Mid-Atlantic Construction magazine�s publisher, McGraw-Hill Construction, regularly reports on the pace of new construction contract activity for all 50 states, the District of Columbia and numerous metropolitan areas.
Here, Mid-Atlantic Construction presents its first quarterly report on the pace of new contracts within the region of Delaware, Maryland, Virginia, Eastern Pennsylvania and Washington, D.C. (For the purposes of consistency, the numbers presented here will include the entire state of Pennsylvania.)
Delaware Through the first three months of 2010, Delaware�s construction contract activity has been wildly up or down compared to the same period of a year ago.
For instance, January�s contracts totaled $235.7 million, or more than four times that of January 2009. February�s $68.5-million total, however, was 64% below the level of a year ago. The pattern continued in March, as the total of $145.4 million was more than three times the pace of March 2009.
Through March, Delaware�s 2010 year-to-date total came in at roughly $452 million, or 61% ahead of 2009�s early pace. The nonresidential market is the big difference-maker, with its $275.7-million tally through the first three months well outdistancing last year�s pace of just $43.3 million.
Residential contracts totaled $95.4 million in the first quarter, or 63% ahead of a year ago, while the nonbuilding sector, at $80.8 million, was 55% behind.
Maryland Contract activity in Maryland hesitated out of the blocks in January but quickly accelerated during February and March.
McGraw-Hill Construction reported a 9% uptick in new project starts for January, followed by a more than 100% jump in February and a 54% gain during March.
For the first three months of 2010, Maryland experienced more than $1.6 billion in new contracts overall, for a 44% improvement compared to 2009.
Here, too, the nonresidential market is off to a strong start, with its $737.5-million first-quarter tally roughly 49% ahead of the amount reported at the same time last year. The nonbuilding market is significantly ahead as well, with $415.8 million in new contracts for a 54% increase. The residential market is 31% ahead of 2009�s pace, at $481.4 million.
Virginia The news is not so good in Virginia, however, where the state�s contract activity through the first three months is an estimated 63% below last year�s pace.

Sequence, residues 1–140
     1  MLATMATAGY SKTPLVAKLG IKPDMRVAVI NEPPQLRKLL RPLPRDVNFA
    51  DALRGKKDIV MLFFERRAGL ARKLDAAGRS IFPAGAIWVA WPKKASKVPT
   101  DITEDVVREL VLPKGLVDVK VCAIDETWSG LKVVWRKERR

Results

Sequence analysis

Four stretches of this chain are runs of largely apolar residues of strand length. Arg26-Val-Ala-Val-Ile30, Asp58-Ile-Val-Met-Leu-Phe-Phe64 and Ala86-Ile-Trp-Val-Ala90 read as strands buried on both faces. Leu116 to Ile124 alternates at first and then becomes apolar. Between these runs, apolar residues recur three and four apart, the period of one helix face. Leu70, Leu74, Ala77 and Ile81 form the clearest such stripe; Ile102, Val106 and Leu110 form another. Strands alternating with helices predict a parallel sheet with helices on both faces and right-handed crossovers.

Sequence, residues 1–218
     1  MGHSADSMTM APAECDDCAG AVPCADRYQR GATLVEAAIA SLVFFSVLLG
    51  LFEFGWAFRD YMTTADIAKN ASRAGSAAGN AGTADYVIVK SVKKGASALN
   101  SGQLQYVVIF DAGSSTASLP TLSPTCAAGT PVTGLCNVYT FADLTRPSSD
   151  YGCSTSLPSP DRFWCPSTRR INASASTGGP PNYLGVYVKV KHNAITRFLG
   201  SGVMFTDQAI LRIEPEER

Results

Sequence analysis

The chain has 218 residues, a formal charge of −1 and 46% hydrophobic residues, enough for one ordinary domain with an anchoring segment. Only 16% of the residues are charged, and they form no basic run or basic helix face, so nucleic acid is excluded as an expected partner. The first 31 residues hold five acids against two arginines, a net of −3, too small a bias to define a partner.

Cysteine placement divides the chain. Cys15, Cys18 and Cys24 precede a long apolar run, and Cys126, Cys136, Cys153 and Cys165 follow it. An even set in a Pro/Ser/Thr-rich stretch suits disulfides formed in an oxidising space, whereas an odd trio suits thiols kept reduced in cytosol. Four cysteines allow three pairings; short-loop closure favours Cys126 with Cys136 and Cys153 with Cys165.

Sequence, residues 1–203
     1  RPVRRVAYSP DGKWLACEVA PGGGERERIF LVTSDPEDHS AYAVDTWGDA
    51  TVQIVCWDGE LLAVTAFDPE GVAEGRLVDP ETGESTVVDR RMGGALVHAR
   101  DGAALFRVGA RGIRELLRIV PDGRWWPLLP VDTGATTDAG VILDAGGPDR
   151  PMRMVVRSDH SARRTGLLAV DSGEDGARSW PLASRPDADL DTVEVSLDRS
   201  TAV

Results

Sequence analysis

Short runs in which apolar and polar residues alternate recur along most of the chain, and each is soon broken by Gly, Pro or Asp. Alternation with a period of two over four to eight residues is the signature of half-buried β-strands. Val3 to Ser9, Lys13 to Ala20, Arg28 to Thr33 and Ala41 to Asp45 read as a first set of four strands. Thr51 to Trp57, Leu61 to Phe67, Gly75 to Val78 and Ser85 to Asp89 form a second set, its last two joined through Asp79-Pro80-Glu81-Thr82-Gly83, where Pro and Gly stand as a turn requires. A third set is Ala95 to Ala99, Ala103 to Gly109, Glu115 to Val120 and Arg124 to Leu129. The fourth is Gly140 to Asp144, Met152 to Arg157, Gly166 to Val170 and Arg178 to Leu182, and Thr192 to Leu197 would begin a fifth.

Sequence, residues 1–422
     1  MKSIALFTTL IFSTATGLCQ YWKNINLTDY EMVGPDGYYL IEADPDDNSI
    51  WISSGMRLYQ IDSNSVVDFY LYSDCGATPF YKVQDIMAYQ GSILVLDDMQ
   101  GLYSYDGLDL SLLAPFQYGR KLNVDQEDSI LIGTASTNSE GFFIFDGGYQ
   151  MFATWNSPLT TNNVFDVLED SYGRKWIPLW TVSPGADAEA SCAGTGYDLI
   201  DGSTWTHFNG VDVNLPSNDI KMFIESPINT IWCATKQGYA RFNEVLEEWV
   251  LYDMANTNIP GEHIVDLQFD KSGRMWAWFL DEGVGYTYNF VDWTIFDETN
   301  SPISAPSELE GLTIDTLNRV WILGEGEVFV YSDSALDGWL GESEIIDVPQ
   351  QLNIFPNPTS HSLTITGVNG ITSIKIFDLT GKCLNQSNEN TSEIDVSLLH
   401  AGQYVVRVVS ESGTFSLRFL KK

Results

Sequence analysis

Only January saw improvement, when the overall pace of new starts was 22% ahead of the preceding January with a $762.5 million tally. February followed with a 75% drop and $499 million in new projects. March was similarly dismal. An estimated $850 million in new contracts moved ahead, for a 70% drop.
Overall, Virginia�s first-quarter activity totaled just over $2 billion, or 63% behind 2009. Only the residential market, which improved by 24%, grew during the period. The nonresidential market fell 77% for the quarter, and nonbuilding starts dropped 76%.
Washington, D.C. 2009 was a depressing year for new contracts in the District of Columbia. Fortunately, 2010 is definitely providing some improvement.
The District experienced an 85% jump in new starts during January, followed by a huge jump in February ($328.3 million versus just $12.5 million a year ago) and a similarly sized uptick in March ($574.1 million versus $122.3 million in 2009).
Through the first quarter, new D.C. starts tally roughly $996.9 million, or more than five times the value of the same period of a year ago, when McGraw-Hill Construction reported just $186.1 million in new contracts.
The vast majority of work is in the nonresidential category, with more than $914.3 million in new starts reported. The nonbuilding sector, at nearly $61.3 million, is 22% ahead, while the residential market is 24% behind.
Pennsylvania The state of Pennsylvania is down 8% overall through the first quarter. That�s the result of declines of 26% in January and 16% in February, followed by a 12% increase in March.
Through March, the state�s overall total for new contracts was $2.7 billion, compared to last year�s $3 billion. Nonresidential remains in decline, with the market�s $955.3 million in new starts marking a 34% drop for the year-to-date. Residential was 12% ahead, with $622.1 million in new contracts, and the nonbuilding category improved by an estimated 19%, with nearly $1.2 billion in new projects.